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Speaking of Bannings

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Speaking of Bannings

Post by dwdunn(akaDan) on Fri 11 Apr 2014, 5:47 pm

Over at the Wikipedia, someone did a good job of putting together a list of books that have been banned throughout history. It's interesting how it shows the minds of censors at work.


Lysistrata (411 BC) Aristophanes, Script.
Banned in 1967 in Greece because of its anti-war message.

The Death of Lorca (1971) Ian Gibson, Biography, True crime.
Banned briefly in Spain.
[apparently it just needed to be checked out; no word on any further killings necessitated by publication -- dwd]

The Diary of Anne Frank (1947) Anne Frank, Biography.
Banned in Lebanon for "portray[ing] Jews, Israel or Zionism favorably."
[covers a lot of territory]


Alice's Adventures in Wonderland (1865), Lewis Carroll, Children's novel/adventure.
Used to be banned in the province of Hunan, China, beginning in 1931 for its portrayal of anthropomorphized animals acting on the same level of complexity as human beings. The censor General Ho Chien believed that attributing human language to animals was an insult to humans. He feared that the book would teach children to regard humans and animals on the same level, which would be "disastrous."

Animal Farm (1945), George Orwell, Political novella.
Completed in 1943, Orwell found that no publisher would print the book, due to its criticism of the U.S.S.R., an important ally of Britain in the War. Once published, the book was banned in the USSR and other communist countries. A play of Animal Farm was banned in Kenya in 1991, because it criticizes corrupt leaders. In 2002, the novel was banned in the schools of the United Arab Emirates, because it contained text or images that goes against Islamic values, most notably the occurrence of an anthropomorphic, talking pig. The book is still banned in Cuba and North Korea, and censored in China.

Green Eggs and Ham (1960), Dr. Seuss, Novel.
In 1965, the children's novel was temporarily banned in the People's Republic of China for its portrayal of early Marxism. The ban was lifted in 1991, following Seuss' death.

Various works, Shen Congwen (1902–1988), Novels.
"Denounced by the Communists and Nationalists alike, Mr. Shen saw his writings banned in Taiwan, while mainland [China] publishing houses burned his books and destroyed printing plates for his novels. .... So successful was the effort to erase Mr. Shen's name from the modern literary record that few younger Chinese today recognize his name, much less the breadth of his work. Only since 1978 has the Chinese Government reissued selections of his writings, although in editions of only a few thousand copies. .... In China, his passing was unreported."

Zhuan Falun (1993), Li Hongzhi, Spiritual.
Banned in Mainland China.

Big River, Big Sea — Untold Stories of 1949 (2009), Lung Ying-tai, Non-fiction.
It sold over 100,000 copies in Taiwan and 10,000 in Hong Kong in its first month of release, but discussion of her work was banned in mainland China following the book launch.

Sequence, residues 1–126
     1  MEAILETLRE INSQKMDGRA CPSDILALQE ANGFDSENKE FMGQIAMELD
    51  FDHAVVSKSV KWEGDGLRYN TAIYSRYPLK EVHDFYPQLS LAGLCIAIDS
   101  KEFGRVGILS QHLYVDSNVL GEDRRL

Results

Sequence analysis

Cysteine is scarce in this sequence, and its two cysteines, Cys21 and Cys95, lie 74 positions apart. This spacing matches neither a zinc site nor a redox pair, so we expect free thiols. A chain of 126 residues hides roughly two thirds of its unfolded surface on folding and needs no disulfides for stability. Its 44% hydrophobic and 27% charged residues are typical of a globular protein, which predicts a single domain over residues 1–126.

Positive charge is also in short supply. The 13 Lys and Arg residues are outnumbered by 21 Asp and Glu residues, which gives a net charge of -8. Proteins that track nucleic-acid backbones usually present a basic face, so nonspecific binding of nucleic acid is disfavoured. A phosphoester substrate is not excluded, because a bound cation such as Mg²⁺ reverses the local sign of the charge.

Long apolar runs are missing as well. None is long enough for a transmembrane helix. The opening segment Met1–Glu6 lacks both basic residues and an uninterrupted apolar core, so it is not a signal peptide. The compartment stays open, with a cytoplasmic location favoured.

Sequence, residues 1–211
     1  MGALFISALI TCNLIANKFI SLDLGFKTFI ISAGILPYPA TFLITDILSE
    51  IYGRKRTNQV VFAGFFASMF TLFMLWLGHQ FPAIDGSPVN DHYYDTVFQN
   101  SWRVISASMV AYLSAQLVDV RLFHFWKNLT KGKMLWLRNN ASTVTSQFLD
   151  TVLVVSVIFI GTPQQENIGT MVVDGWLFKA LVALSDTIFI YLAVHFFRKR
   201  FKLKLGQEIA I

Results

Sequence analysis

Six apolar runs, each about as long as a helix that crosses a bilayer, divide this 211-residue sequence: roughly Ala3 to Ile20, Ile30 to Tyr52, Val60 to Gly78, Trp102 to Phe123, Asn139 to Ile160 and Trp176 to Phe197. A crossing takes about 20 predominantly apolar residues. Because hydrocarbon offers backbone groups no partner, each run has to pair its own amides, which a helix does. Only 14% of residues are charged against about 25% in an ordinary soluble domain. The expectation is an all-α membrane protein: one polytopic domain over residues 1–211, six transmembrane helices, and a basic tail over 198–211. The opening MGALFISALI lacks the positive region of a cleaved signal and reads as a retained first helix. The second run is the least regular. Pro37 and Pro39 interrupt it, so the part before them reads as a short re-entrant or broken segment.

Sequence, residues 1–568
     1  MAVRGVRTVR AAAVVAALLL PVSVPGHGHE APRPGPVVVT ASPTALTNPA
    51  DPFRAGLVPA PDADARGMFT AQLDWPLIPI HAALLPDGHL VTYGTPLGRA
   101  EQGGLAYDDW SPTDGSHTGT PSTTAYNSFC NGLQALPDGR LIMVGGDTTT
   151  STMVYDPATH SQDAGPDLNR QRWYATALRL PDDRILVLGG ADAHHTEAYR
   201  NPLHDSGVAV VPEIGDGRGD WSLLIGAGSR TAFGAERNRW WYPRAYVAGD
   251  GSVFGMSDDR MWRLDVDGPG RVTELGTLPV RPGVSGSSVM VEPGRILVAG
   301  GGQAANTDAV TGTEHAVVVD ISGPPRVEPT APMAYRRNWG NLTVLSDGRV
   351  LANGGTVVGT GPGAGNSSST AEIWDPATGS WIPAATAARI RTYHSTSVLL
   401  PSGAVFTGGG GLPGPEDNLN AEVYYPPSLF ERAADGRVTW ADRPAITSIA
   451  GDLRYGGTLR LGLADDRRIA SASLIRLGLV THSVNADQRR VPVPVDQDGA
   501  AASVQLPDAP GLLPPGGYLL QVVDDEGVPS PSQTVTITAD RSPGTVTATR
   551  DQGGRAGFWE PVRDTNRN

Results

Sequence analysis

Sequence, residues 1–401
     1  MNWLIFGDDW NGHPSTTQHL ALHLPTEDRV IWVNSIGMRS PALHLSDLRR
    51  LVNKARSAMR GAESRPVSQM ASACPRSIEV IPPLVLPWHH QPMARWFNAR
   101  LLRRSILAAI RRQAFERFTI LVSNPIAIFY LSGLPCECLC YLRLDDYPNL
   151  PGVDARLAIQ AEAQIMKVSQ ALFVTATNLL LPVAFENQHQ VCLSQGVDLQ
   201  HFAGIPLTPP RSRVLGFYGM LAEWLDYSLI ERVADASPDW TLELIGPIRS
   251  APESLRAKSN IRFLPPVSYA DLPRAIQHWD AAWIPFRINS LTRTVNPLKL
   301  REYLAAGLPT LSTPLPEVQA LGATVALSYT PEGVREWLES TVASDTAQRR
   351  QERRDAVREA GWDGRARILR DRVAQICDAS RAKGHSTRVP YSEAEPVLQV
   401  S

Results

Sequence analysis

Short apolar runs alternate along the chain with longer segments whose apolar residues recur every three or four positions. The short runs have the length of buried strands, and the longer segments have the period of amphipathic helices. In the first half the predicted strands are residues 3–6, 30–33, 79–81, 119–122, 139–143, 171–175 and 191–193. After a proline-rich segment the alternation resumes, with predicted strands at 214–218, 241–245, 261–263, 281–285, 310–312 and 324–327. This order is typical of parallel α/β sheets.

"Big River, Big Sea — Untold Stories of 1949 is a collection of stories written by Taiwanese author Lung Ying-tai published in August 2009. It tells in detail, the events from the surrounding the conclusion of the Chinese Civil War including Chinese families that were broken up by the civil war that ended in the Kuomintang’s defeat in 1949, with some two million escaping to Taiwan. Lung Ying-tai spent more than 10 years researching material for the book and spent 400 days in Changchun, Nanjing, Shenyang, Taiwan's Mazu islands, Taidong, and Pingdong paying a visit to survivors of the Chinese Civil War in order to record their stories."

South Korea:

A Spoon on Earth, Hyeon Gi-yeong, Novel.
Banned for distribution within the South Korean military as one of 23 books banned there beginning on August 2008.

Year 501: The Conquest Continues (1993), Noam Chomsky, Politics.
Banned for distribution in South Korean military as one of 23 books banned on August 1, 2008.

Bad Samaritans: The Myth of Free Trade and the Secret History of Capitalism (2008), Ha-Joon Chang, Non-fiction.
One of 23 books from Aug 1st 2008 banned for distribution in South Korean military.


The Devil's Discus (1964) Rayne Kruger, Non-fiction.
Banned in Thailand in 2006.

The King Never Smiles (2006) Paul M. Handley, Biography.
Banned in Thailand for its criticism of King Bhumibol Adulyadej.


The Fugitive (Perburuan) (1950) Pramoedya Ananta Toer, Novel.
Banned in Indonesia in 1950, for containing "subversive" material, including an attempt to promote Marxist-Leninist thought and other Communist theories. As of 2006, the ban is still in effect.

South Asia:

Angaray (1932) Sajjad Zaheer, Progressive short stories.
Banned in India in 1936 by the British government.

Rangila Rasul (1927) Pt. Chamupati, Religious.
Currently banned in India, Pakistan, and Bangladesh.

The Heart of India (1958) Alexander Campbell, Fiction.
Banned by the Indian government in 1959 on grounds of being “repulsive.”

Unarmed Victory (1963) Bertrand Russell.
Banned in India. Contains unflattering details of the 1962 Sino-Indian War.

An Area of Darkness (1964) V. S. Naipaul, Travelogue.
Banned in India for its negative portrayal of India and its people.

Jinnah of Pakistan (1982) Stanley Wolpert, Biography.
Banned in Pakistan for recounting Jinnah’s taste for wine and pork.